Human Practice


Knowing that collaboration is the tenet of iGEM competition, this year we have collaborated with two
iGEM teams, a high school team (SDSZ China) and an undergraduate team (Tsinghua A). By collaborating
with these two iGEM teams, we can seek out help whenever needed and receive prompt feedback about our
project design and Wiki contents.

Collaboration with Team Tsinghua-A

Having been known each other for a long time, we were quite thrilled to reach out to our old friends Ke Yuxi
and Wang Linghan, two team members from Team Tsinghua A, and form a very healthy and constructive
relationship with them. In retrospect, it turned out to be a very worthy journey with them.

Linghan first approached us for help for the generation of BioBricks that are eligible for delivery accorded
by the rule of Standard Plasmid Delivery. She brought up the conversation on how they lacked proper lab
facility for liquid evacuation. We offered the machine with alacrity and helped them processed their
extracted DNA into the dried form. We also reciprocated the topic on choosing a delivery company, and she
mentioned one that seemed the most suitable for our purpose. This first collaboration initiated the
following interaction.

With the deadline for freezing Wiki approaching, we visited their Wiki pages and they did it as well. They
noticed several technical flaws regarding to the awkward website design, and professionally pinpointed
the problem being originated from the misuse of the HTML and CSS programming language. It is because of
their help with scrutiny we would be able to adjust and optimize our website display. We were very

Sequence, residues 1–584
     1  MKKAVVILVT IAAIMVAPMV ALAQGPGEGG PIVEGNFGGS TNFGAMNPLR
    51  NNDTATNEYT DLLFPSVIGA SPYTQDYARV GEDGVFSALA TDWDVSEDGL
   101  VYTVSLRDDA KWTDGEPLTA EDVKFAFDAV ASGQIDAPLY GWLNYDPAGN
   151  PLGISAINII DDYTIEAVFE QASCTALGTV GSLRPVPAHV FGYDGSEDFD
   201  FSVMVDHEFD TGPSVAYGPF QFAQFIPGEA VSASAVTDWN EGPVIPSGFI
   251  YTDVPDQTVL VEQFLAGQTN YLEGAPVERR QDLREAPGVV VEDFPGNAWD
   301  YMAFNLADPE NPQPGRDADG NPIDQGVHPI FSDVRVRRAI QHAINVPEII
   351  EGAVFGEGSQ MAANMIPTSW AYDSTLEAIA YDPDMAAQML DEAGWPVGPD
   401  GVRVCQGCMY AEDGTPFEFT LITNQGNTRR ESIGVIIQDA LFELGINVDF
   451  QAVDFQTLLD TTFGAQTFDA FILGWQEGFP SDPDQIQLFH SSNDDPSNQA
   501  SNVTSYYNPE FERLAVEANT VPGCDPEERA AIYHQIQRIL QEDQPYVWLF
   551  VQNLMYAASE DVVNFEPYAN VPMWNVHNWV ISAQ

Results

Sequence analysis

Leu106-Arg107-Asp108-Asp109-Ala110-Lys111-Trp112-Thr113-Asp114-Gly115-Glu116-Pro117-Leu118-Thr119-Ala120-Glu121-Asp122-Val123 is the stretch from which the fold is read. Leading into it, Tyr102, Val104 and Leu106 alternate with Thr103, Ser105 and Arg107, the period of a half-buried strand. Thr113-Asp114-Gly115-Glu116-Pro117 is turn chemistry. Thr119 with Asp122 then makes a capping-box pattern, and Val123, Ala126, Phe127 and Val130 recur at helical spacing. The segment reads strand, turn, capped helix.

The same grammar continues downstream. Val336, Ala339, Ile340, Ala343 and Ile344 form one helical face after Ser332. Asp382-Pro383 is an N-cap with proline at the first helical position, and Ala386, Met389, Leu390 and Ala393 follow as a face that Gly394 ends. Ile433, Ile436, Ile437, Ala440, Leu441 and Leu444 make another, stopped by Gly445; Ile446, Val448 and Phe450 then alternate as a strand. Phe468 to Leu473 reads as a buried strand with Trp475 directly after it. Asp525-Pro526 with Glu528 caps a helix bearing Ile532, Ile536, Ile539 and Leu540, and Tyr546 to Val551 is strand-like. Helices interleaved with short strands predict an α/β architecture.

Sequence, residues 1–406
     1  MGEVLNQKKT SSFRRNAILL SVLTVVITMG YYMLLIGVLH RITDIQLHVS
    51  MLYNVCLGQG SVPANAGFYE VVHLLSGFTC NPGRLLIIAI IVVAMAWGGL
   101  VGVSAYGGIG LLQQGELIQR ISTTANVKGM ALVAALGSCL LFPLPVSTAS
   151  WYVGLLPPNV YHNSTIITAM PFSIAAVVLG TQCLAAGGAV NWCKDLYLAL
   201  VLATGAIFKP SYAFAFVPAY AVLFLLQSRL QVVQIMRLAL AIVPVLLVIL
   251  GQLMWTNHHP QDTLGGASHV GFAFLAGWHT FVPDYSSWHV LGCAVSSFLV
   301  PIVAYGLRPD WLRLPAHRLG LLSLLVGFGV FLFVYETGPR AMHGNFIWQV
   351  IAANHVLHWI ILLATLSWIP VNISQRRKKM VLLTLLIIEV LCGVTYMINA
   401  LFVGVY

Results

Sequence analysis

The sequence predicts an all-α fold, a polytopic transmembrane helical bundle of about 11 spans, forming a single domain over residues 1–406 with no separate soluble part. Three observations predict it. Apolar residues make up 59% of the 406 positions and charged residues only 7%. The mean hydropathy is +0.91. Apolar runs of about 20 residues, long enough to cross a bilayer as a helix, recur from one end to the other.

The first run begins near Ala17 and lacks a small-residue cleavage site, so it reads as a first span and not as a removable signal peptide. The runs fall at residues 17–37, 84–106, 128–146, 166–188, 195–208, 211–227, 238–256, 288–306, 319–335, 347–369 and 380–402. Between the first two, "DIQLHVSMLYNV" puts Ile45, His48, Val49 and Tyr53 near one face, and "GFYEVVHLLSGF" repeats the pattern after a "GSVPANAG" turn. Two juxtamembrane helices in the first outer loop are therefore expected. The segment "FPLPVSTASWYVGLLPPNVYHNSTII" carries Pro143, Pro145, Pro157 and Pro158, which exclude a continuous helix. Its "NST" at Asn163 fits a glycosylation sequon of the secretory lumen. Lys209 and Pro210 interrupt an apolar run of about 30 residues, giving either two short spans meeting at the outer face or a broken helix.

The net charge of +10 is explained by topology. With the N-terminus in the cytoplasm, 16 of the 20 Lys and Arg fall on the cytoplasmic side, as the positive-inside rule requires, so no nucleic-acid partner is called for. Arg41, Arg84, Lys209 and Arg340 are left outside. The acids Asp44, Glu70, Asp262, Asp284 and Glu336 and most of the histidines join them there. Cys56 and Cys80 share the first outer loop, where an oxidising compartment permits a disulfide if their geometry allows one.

grateful to their help. On the final day before the excruciating Wiki freeze, two teams decided to host
a get-together on Wiki final check. We brought snacks and drinks, and outputted Wiki contents with

These two collaboration for the sake of medal requirements, but actually boosted our working efficiency,
improved the quality of the final project and formed very precious friendship that will be remained.
In the future, we would really look forward to creating more memories with them.

Collaboration with Team SDSZ China

A member from Team SDSZ China, approached us in April and mentioned the possibility of
consulting with us about iGEM competition. We agreed with alacrity, knowing the difficulty of
setting up a high-school team without assistance, to meet with her.

Several days later, we met with her on the campus of Tsinghua University and discussed wide-ranging matters
from how to participate in the iGEM competition to how to search for literature, including using PubMed
to search for Synthetic Biology papers. She was especially uncertain about the usage, creation and
delivery of BioBricks, and asked a lot of great questions, such as “how to define a ‘new’ BioBrick
eligible for earning a bronze or silver medal” and “how to deliver a newly created BioBrick to the
iGEM headquarter”. We were not only impressed by her familiarity with the competition, but also started
to appreciate the role of BioBricks in standardizing the use of plasmids for synthetic biology – it should
be educated to every researcher in the Synthetic Biology field because it permits convenient plasmid
sharing and inter-laboratory communication.

Reciprocally, we also benefited from their team. We were enlightened by their project – developing a cheap
penicillin detection method for people within relatively underdeveloped areas, and glad to find out
that the influence of iGEM has permeated into high schools and spurred the participation of high school
students in the iGEM competition. We were edified both by their intricate idea of fusing GFP with
penicillin binding protein and therefore creating a visual assay for evaluating the efficacy of penicillin
detection, and by its potentially far-reaching application for consumers with below-average income. What
did we learn? When designing a project, especially on topics that are entangled with practical and
industrial purposes, we should not only take into account how to make the idea fancier, but should also
heed the practicality of the project – is it valuable for the non-academic community? Can it be easily
understood by laymen and applied in daily lives? In addition, they also provided insightful advice on
how to improve our Wiki, such as the overall logic of the website design, and contents that can be written
more candid.

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